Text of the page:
Mediterranean diet is often viewed in the context of impact on composition of gut microbiota and its consequences on prevention and treatment of various diseases. It is known how complex carbohydrates present in this type of dietary pattern are fermented by healthy gut microbiota, producing in turn short-chained fatty acids with purported benefits for human health, whereas other mechanisms and interactions play a role as well.
Recent research endeavors take a step further and demonstrate how exactly Mediterranean diet can affect the composition, activity, and diversity of intestinal microorganisms and their metabolomic profiles, and how these alterations can be linked to various chronic diseases. A change in the ratio of two dominant gut phyla (Firmicutes and Bacteroidetes) represents a hallmark feature of many diseases, which can be influenced by introducing dietary modifications. In addition, gut microbiota composition as a whole may serve as a marker of Mediterranean diet adherence.
Increasing our knowledge and awareness of diet–microbiota interdependence may result in specific and targeted dietary approaches for microbial modulation and subsequent disease risk reduction, with Mediterranean diet serving as a blueprint for healthy eating.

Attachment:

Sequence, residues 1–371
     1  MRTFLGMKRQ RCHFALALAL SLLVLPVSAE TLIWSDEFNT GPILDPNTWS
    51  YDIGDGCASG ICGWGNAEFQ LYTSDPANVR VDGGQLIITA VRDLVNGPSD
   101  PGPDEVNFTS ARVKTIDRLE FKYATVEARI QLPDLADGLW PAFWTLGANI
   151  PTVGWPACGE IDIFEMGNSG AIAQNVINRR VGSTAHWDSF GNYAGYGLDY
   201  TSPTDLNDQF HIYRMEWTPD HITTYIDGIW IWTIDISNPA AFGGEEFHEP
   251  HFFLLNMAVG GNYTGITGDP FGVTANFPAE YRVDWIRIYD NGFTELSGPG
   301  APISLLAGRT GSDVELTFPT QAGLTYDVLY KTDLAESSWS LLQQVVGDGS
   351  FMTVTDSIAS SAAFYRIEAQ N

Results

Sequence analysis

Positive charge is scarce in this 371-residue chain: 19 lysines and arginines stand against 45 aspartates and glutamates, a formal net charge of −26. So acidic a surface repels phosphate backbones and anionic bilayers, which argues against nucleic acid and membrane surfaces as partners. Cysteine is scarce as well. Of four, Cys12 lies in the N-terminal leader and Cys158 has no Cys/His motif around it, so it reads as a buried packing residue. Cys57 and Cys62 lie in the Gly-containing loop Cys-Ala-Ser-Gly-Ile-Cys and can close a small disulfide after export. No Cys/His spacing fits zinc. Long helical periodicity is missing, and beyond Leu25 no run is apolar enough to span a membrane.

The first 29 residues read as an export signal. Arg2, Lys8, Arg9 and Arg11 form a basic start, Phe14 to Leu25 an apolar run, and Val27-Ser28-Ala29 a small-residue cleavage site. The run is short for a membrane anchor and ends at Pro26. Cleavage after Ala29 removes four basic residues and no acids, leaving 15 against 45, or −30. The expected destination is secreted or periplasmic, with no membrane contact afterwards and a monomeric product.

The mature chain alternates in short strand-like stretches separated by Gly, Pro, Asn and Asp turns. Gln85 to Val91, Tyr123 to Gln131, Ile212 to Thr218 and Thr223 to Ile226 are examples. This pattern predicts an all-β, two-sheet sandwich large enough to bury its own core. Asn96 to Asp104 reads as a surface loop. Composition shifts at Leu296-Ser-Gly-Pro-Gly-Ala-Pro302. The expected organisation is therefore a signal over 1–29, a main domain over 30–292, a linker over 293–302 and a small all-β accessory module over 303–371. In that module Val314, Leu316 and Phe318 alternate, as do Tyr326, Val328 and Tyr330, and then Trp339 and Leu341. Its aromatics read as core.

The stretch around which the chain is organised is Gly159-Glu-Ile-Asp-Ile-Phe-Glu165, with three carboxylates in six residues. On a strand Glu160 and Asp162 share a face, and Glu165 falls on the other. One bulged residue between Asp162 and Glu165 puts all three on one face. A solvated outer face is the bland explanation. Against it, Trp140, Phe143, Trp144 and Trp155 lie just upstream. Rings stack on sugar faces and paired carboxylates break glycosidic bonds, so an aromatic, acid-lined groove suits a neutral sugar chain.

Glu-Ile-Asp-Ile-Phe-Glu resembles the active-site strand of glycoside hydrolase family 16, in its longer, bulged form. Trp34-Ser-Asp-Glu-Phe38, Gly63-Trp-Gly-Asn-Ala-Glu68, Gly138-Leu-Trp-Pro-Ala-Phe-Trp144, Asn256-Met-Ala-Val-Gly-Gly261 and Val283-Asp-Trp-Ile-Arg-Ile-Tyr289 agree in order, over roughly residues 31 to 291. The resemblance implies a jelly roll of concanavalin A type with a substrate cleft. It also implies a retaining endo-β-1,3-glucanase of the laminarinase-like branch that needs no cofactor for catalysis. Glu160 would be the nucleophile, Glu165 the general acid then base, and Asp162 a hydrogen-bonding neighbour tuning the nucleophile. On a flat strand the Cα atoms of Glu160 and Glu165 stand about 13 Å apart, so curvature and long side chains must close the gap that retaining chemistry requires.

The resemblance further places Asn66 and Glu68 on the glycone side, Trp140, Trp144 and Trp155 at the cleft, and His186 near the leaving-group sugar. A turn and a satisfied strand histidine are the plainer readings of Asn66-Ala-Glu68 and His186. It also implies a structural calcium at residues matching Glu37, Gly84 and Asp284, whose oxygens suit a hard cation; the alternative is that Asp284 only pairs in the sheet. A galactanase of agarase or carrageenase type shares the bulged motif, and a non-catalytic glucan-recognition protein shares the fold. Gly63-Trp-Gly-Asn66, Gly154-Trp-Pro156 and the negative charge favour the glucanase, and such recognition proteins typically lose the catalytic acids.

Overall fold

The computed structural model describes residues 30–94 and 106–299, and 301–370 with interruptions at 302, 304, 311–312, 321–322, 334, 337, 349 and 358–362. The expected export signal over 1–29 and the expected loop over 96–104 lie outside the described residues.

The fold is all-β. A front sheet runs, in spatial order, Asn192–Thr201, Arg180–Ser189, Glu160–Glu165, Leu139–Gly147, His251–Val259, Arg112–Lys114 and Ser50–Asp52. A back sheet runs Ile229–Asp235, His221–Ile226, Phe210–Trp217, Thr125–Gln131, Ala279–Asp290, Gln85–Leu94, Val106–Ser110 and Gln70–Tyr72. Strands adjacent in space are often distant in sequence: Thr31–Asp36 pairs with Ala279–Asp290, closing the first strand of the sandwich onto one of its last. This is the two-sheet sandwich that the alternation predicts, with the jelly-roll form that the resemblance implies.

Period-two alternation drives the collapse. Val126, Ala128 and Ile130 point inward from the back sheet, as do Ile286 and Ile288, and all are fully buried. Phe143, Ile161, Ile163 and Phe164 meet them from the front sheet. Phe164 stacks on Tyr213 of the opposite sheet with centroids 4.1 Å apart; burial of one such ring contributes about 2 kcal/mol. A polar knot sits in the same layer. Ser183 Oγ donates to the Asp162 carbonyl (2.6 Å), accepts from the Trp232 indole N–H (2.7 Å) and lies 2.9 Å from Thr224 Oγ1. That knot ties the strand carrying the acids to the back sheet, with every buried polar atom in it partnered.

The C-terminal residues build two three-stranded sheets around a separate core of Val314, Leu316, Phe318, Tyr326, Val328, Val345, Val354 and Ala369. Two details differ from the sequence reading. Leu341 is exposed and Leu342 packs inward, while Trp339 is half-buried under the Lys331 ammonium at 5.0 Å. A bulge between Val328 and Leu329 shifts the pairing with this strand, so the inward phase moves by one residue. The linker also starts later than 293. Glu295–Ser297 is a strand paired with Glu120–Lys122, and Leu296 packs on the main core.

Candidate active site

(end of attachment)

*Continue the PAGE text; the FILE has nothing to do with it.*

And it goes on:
aUniversity Hospital Centre Zagreb, Department of Internal Medicine, Division of Gastroenterology and Hepatology & Unit of Clinical Nutrition
bUniversity of Zagreb School of Medicine
cClinical Microbiology and Parasitology Unit, Polyclinic ‘Dr. Zora Profozic’, Zagreb, Croatia
Correspondence to Željko Krznarić, PhD, MD, University Hospital Centre Zagreb, Department of Internal Medicine, Division of Gastroenterology and Hepatology & Unit of Clinical Nutrition, Kišpatićeva 12, 10 000 Zagreb, Croatia. E-mail: Zeljko.firstname.lastname@example.org